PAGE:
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  • 3-August-2021

    English

    Transfer Pricing Country Profiles

    These country profiles focus on countries' domestic legislation regarding key transfer pricing principles, including the arm's length principle, transfer pricing methods, comparability analysis, intangible property, intra-group services, cost contribution agreements, transfer pricing documentation, administrative approaches to avoiding and resolving disputes, safe harbours and other implementation measures.

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  • 28-June-2021

    English

    Starting Strong VI - Supporting Meaningful Interactions in Early Childhood Education and Care

    Children’s learning, development and well-being are directly influenced by their daily interactions with other children, adults, their families and the environment. This interactive process is known as 'process quality', and leads to a key question – which policies set the best conditions for children to experience high-quality interactions in early childhood education and care (ECEC) settings? This report discusses five main policy levers and their effect on process quality, focusing particularly on curriculum and pedagogy, and workforce development. It presents indicators covering 26 countries and jurisdictions, 56 different curriculum frameworks, and more than 120 different types of ECEC settings.
  • 19-May-2021

    English, PDF, 287kb

    Preventing Harmful Alcohol Use: Key Findings for Luxembourg

    Luxembourg has one of the highest levels of alcohol consumption in the OECD – 12.9 litres of pure alcohol per capita per year, roughly equivalent to 2.6 bottles of wine or 5 litres of beer per week per person aged 15 and over. In addition, in Luxembourg, some population groups are at higher risk than others.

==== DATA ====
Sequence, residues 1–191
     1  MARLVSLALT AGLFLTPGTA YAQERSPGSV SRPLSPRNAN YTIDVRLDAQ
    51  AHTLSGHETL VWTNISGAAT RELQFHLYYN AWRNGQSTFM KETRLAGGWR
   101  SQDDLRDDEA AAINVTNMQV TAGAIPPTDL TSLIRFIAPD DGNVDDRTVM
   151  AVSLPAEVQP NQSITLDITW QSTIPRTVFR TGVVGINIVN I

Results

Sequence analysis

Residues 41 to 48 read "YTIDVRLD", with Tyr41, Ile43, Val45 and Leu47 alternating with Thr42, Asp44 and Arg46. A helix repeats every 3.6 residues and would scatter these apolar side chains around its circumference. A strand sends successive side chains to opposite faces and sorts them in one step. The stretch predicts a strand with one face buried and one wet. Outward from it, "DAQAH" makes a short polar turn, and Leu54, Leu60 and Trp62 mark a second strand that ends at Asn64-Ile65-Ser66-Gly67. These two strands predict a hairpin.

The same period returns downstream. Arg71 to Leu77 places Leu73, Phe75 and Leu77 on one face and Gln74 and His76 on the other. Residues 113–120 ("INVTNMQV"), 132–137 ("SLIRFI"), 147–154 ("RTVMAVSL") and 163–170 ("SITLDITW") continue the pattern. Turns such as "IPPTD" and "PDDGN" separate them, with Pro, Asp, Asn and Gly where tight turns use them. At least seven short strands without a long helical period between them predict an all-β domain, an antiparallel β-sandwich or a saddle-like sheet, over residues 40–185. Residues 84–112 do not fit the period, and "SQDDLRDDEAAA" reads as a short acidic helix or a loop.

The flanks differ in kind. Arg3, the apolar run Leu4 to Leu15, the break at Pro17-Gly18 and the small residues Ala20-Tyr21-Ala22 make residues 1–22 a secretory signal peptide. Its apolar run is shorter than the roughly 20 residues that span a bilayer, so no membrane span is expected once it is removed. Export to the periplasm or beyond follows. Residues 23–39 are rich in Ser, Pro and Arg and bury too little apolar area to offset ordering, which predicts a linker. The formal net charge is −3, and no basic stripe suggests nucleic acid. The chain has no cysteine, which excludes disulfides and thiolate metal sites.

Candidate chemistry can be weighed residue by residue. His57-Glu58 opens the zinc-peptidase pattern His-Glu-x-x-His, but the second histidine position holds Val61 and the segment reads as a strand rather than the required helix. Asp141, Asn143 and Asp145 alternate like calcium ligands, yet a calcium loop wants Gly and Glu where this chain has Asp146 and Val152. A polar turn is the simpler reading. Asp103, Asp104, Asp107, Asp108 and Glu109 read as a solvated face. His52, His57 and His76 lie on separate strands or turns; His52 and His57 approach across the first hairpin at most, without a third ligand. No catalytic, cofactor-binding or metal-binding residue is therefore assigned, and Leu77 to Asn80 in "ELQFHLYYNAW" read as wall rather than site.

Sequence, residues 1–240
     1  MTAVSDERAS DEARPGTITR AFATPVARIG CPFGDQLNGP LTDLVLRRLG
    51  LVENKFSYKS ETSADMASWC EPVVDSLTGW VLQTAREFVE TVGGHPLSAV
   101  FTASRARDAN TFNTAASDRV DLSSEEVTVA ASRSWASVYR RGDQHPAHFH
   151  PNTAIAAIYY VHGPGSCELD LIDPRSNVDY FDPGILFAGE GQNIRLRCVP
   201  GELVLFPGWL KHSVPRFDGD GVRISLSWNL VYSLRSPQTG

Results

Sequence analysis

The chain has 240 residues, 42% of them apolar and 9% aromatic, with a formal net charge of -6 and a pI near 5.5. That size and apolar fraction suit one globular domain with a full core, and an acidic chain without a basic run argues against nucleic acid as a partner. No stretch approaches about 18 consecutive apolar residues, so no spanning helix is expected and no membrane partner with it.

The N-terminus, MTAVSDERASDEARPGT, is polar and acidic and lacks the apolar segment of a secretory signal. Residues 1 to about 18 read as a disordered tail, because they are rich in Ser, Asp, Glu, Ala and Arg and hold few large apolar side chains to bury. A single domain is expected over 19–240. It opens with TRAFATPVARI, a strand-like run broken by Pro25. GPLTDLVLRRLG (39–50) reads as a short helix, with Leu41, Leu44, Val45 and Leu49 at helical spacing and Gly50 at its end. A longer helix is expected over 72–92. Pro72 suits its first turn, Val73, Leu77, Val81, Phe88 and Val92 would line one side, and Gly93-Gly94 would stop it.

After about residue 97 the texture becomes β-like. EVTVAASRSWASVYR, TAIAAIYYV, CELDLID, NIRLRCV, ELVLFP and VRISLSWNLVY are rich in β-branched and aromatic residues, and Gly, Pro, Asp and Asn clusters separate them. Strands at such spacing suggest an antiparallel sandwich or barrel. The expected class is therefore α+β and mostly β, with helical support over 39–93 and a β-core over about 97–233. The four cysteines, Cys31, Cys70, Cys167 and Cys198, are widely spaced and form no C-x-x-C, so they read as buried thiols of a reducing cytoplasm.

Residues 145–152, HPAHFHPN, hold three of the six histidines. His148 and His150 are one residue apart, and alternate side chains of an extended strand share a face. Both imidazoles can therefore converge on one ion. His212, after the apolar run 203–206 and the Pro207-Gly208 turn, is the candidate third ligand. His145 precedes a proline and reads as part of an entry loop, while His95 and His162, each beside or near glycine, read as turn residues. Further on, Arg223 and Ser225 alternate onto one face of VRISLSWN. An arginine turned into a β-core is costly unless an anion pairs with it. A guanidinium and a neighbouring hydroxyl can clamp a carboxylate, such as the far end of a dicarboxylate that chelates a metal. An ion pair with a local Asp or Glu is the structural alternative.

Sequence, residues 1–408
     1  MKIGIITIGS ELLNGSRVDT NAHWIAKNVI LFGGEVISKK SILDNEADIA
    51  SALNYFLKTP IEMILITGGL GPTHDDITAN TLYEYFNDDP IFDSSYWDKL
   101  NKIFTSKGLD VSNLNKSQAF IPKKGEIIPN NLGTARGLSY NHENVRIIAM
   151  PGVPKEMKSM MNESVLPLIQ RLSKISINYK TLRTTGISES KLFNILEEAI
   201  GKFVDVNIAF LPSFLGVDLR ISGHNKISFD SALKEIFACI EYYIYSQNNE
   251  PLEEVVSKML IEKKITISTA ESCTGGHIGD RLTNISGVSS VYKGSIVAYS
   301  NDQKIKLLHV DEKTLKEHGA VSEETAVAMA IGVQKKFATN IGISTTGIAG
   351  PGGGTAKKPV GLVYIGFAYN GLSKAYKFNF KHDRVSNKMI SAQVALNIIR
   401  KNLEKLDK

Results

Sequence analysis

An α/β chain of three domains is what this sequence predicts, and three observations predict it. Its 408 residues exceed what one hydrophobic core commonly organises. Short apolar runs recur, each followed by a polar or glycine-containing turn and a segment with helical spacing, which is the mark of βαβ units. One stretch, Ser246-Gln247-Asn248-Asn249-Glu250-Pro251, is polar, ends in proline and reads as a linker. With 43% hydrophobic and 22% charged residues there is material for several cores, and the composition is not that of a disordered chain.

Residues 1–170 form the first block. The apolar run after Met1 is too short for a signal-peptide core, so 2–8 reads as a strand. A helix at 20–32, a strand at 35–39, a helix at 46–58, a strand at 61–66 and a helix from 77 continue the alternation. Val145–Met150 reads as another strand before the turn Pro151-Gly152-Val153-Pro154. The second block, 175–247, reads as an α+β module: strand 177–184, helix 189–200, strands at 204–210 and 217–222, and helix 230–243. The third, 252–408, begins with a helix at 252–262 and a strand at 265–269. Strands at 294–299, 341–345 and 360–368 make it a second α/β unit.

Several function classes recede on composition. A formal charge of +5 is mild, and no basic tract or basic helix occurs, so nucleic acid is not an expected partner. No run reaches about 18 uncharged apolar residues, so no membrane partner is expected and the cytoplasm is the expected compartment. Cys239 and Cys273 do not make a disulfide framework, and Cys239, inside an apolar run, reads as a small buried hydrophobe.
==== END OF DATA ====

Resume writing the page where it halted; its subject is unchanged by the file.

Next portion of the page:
• 17-March-2021

    English

    Aid at a glance charts

    These ready-made tables and charts provide for snapshot of aid (Official Development Assistance) for all DAC Members as well as recipient countries and territories. Summary reports by regions (Africa, America, Asia, Europe, Oceania) and the world are also available.

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  • 3-December-2020

    English, PDF, 367kb

    Revenue Statistics: Key findings for Luxembourg

    The OECD’s annual Revenue Statistics report found that the tax-to-GDP ratio in Luxembourg decreased by 0.5 percentage points from 39.7% in 2018 to 39.2% in 2019. Between 2018 and 2019 the OECD average decreased from 33.9% to 33.8%.

  • 17-November-2020

    English

    The impact of COVID-19 on SME financing - A special edition of the OECD Financing SMEs and Entrepreneurs Scoreboard

    The COVID-19 crisis has had a profound impact on SME access to finance. In particular, the sudden drop in revenues created acute liquidity shortages, threatening the survival of many viable businesses. The report documents an increase in demand for bank lending in the first half of 2020, and a steady supply of credit thanks to government interventions. On the other hand, other sources of finance declined, in particular early-stage equity. This paper, a special edition of Financing SMEs and Entrepreneurs, focuses on the impacts of COVID-19 on SME access to finance, along with government policy responses. It reveals that the pre-crisis financing environment was broadly favourable for SMEs and entrepreneurs, who benefited from low interest rates, loose credit standards and an increasingly diverse offer of financing instruments. It documents the unprecedented scope and scale of the policy responses undertaken by governments world-wide, and details their key characteristics, and outlines the principal issues and policy challenges for the next phases of the pandemic, such as the over-indebtedness of SMEs and the need to continue to foster a diverse range of financing instruments for SMEs.